When she was 15 or so, the woman said, she’d dreamed about a certain boy, about walking down the street holding his hand. And now here she was, performing at the Royal Albert Hall for the first time, and she was going to sing one of his songs. And at the end of a most elegant version of “One Too Many Mornings”, Patti Smith said quietly: “Bob Dylan.”
The last time I’d seen Patti was in 1995 at the Electric Factory in Philadelphia, when she and Dylan were touring together. She came on to sing “Dark Eyes” with him during his acoustic section, and then she joined him in the encores for “Knockin’ on Heaven’s Door”. It was nice to be reminded last night of the history they share, and she honoured it beautifully on the very stage where, 55 years ago, he sang “One Too Many Mornings” with another band.
But that was just one highlight in a night crammed with them, starting with the lyric to “Piss Factory”, the B-side of her first single in 1974, which she declaimed unaccompanied to start the 90-minute set. That was electrifying, and at the end of the evening my only regret was that she hadn’t done more reading.
But would I have swapped that for the lovely “Grateful”, the driving Velvets drone of “Dancing Barefoot”, the collective exhilaration of “Beneath the Southern Cross”, a most surprising and tender mid-set version of Stevie Wonder’s “Blame It on the Sun”, Lenny Kaye’s dedication of the Stones’ “I’m Free” to Charlie Watts, the cathartic “People Have the Power”, which Patti wrote with her late husband Fred “Sonic” Smith, or the thunderous closing run through “Not Fade Away”, when the instruments cut after the last “I’m gonna tell you how it’s gonna be”, allowing Patti, the band and the entire pan-generational audience to bellow “You’re gonna give your love to me”?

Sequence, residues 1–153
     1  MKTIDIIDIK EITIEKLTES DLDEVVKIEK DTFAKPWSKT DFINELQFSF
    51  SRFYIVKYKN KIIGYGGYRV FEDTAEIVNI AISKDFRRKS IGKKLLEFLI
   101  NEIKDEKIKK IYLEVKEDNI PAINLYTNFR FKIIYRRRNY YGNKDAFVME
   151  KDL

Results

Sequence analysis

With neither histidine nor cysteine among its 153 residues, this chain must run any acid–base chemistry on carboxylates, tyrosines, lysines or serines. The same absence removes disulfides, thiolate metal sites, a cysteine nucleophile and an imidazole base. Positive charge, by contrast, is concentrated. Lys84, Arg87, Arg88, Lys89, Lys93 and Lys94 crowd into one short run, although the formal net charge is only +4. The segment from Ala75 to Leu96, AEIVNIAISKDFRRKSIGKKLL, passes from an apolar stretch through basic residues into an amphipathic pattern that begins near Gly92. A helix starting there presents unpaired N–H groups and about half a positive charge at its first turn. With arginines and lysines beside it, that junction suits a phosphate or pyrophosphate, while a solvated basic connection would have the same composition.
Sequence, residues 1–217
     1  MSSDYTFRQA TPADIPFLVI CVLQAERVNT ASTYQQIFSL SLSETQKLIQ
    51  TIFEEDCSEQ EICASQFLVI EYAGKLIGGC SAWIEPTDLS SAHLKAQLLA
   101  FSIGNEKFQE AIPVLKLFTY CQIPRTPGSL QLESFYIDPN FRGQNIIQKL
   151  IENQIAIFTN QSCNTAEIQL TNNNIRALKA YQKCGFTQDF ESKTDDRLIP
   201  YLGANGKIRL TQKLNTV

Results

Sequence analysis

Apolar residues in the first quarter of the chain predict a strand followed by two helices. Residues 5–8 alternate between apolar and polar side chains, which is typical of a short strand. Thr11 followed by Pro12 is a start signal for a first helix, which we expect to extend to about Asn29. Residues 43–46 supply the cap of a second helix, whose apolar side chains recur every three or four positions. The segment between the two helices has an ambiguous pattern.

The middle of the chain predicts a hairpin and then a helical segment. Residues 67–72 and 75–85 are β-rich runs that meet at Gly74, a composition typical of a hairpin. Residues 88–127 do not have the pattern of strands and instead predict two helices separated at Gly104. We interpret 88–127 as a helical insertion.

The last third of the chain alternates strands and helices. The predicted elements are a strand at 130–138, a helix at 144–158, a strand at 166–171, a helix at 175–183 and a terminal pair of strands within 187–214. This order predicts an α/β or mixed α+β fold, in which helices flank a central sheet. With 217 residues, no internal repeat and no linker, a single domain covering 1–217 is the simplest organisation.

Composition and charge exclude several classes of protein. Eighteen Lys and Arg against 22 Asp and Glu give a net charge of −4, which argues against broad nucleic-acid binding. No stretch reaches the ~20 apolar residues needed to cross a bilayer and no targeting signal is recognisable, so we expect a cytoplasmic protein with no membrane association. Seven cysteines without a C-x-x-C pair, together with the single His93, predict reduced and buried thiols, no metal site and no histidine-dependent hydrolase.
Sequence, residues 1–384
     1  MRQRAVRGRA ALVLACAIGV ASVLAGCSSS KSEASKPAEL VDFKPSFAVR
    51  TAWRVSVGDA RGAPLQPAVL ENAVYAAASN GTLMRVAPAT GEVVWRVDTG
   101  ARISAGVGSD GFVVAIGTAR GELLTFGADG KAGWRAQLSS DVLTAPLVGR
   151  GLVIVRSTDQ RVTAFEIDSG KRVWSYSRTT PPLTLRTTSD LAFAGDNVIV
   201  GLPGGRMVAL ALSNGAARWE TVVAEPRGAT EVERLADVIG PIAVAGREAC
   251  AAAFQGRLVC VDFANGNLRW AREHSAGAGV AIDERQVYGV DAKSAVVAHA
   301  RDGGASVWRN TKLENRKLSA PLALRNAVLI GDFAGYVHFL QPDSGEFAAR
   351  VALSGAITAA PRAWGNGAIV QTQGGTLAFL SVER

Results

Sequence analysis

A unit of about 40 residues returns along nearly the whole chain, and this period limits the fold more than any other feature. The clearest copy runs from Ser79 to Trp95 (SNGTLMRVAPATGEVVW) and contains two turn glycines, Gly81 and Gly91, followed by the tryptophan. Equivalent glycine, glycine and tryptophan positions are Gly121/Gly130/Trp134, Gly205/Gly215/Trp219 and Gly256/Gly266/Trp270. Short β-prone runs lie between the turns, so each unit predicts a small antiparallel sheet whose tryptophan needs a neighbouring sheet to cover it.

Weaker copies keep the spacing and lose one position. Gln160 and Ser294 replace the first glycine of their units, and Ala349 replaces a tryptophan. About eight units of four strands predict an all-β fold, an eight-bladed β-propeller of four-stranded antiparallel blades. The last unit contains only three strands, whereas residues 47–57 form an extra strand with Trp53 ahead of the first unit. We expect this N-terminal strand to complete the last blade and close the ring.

What I also admired was the way she and the band — Kaye and Jackson Smith (guitars), Jesse Paris Smith (piano), Tony Shanahan (bass guitar) and Jay Dee Daugherty (drums) — put on such a well calibrated show while keeping their garage-band rawness and honesty. Jackson Smith’s raga-rock solo on “Dancing Barefoot” was a beauty, as was Daugherty’s ability — probably learnt from reggae drumming — to leave spaces within a bar without losing power.
But I wasn’t really taking notes. I was on my feet, with everyone else.